How Do You Like Your Banh Mi? A Look at Vietnamese SandwichesJanuary 7, 2020
Vietnamese food might be the healthiest cuisine in the world with its fresh vegetables, herbs, fruits, and meats. All of the cuisine contains a brilliant balance of aromatics, spiciness, sweetness, bitterness, and saltiness.
As with other Asian cuisines, the principle of yin and yang (light and dark, soft and crunchy, etc.) is applied in composing a meal in a way that provides a balance that is beneficial for the body. Traditional Vietnamese cooking is known for its fresh ingredients, minimal use of dairy and oil, complementary textures, and reliance on herbs and vegetables.
Vietnamese cuisine always combines fragrance, taste, and color. Brilliant reds, vibrant yellows, dark purples, all add a visual appeal to the dish as well and a myriad of nutrients.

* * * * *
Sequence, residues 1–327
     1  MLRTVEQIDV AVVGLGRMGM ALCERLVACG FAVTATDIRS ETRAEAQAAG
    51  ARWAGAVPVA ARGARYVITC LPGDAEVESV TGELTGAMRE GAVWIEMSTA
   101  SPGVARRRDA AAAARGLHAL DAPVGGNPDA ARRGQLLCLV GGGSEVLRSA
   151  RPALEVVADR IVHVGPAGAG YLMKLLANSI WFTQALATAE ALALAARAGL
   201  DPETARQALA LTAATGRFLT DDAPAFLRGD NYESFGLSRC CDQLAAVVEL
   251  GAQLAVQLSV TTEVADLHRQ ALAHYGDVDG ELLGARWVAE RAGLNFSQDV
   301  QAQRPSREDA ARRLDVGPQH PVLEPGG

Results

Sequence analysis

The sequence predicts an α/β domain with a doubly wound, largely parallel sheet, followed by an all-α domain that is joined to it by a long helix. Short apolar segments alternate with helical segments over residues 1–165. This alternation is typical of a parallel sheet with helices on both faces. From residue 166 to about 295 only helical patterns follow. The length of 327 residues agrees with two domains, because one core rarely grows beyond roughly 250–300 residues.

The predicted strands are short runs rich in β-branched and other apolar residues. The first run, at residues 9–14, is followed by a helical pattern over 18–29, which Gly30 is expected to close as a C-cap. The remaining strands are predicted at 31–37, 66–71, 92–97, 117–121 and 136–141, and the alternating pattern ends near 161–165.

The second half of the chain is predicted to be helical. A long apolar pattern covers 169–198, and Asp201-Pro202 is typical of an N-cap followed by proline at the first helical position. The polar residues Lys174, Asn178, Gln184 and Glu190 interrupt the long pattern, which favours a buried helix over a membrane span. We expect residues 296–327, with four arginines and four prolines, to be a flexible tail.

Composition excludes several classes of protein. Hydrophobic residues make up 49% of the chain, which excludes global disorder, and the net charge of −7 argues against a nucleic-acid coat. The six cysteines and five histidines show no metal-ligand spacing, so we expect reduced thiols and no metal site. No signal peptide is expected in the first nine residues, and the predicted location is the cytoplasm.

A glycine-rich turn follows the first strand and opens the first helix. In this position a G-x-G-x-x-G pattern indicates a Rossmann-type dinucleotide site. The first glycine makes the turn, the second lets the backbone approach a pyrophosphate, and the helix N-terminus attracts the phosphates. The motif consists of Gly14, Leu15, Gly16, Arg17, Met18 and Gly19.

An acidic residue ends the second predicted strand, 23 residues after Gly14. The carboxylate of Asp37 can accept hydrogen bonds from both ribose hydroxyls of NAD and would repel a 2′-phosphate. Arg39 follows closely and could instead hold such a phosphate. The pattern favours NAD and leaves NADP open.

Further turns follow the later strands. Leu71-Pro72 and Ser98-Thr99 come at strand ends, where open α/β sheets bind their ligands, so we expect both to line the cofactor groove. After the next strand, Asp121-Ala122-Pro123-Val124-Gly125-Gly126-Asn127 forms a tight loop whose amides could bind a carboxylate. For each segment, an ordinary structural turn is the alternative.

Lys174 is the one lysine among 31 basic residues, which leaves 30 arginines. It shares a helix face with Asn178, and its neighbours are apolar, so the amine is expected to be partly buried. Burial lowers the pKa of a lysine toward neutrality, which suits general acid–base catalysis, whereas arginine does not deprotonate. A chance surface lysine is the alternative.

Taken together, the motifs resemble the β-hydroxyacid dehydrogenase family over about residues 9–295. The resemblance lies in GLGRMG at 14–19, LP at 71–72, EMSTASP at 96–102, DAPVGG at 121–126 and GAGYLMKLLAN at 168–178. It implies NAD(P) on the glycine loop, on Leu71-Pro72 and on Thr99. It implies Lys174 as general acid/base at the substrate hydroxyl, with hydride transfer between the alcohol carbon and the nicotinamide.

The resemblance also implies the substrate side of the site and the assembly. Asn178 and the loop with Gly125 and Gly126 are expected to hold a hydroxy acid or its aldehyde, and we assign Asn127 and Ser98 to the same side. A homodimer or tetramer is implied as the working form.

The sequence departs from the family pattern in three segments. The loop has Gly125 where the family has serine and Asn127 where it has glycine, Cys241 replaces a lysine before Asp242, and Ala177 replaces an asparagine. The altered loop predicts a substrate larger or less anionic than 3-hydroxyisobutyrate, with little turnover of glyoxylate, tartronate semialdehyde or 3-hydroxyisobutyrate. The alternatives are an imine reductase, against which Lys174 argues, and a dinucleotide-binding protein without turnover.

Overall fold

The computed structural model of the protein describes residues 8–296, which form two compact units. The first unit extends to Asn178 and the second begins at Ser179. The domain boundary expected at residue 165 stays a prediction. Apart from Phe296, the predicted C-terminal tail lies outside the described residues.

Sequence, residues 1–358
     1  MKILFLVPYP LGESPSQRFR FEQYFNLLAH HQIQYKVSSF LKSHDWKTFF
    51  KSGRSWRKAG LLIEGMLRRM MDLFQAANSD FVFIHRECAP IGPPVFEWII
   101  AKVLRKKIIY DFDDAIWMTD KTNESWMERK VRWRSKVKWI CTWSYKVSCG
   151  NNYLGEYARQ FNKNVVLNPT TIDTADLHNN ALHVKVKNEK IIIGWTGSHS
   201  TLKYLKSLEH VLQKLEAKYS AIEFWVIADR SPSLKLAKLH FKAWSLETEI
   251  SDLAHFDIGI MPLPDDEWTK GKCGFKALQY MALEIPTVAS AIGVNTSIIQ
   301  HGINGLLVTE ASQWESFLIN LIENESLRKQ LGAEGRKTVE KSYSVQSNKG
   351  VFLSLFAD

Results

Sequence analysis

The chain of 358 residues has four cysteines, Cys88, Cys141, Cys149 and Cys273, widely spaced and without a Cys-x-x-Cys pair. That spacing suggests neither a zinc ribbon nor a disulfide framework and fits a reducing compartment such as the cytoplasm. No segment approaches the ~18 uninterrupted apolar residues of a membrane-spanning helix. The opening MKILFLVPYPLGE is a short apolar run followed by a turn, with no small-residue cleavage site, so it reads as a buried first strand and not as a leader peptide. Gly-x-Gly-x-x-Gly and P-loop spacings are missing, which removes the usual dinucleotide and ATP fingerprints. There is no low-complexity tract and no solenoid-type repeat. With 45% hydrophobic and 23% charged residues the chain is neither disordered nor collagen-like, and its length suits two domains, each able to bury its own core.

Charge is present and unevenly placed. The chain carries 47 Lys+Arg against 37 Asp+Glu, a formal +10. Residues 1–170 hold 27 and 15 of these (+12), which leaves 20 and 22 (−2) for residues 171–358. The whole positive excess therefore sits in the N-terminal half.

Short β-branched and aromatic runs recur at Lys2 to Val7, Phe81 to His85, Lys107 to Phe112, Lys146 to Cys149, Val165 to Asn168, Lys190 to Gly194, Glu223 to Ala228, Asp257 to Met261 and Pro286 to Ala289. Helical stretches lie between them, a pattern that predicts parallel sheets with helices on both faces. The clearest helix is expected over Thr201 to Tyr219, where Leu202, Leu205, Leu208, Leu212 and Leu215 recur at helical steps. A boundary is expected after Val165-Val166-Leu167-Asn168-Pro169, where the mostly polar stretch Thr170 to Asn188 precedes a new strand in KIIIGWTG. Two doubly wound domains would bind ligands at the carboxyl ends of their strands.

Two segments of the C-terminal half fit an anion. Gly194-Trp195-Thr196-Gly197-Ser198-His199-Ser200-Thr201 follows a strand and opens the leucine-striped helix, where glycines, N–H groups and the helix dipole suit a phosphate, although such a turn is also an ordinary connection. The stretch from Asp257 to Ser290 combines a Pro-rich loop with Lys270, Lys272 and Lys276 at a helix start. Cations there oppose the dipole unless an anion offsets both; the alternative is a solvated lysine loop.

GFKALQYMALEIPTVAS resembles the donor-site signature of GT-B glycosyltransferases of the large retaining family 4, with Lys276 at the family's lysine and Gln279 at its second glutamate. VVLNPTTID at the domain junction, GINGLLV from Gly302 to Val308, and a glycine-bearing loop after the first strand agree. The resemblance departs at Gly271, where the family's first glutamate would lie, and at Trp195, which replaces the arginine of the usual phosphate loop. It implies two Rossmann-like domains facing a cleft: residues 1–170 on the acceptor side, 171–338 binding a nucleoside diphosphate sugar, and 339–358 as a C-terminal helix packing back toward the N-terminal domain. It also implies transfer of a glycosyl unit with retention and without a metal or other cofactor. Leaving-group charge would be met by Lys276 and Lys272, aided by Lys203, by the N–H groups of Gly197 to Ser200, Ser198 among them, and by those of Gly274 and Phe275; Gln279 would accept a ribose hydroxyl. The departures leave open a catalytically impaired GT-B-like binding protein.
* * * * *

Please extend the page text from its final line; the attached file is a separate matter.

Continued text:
Pickled vegetables and meats are a favorite among the Viet people. Fermented foods contain a lot of probiotics, and these are excellent at keeping the digestive system healthy. They also are a good source of several types of vitamin B and vitamin K2. Fermented foods contain compounds that are able to bind to certain toxins, such as mercury, which makes it easier for the body to remove those toxins from our organs. Fish sauce is used in many dishes. It is a sauce made from fermented fish that adds tons of flavor and is the main source of sodium.
When it comes to meat, maximizing the use of ingredients to save money has become a tradition in Vietnamese cooking where every part of an animal is used, from the muscle meat to the intestines; nothing is wasted. And all of it has nutritional benefits.
You’re not going to find much cheese, butter, or cream in Vietnamese dishes, even though Vietnam has French (who do use dairy products) influence in some of their dishes. Their protein and fat come from other sources.
By Leslie Radford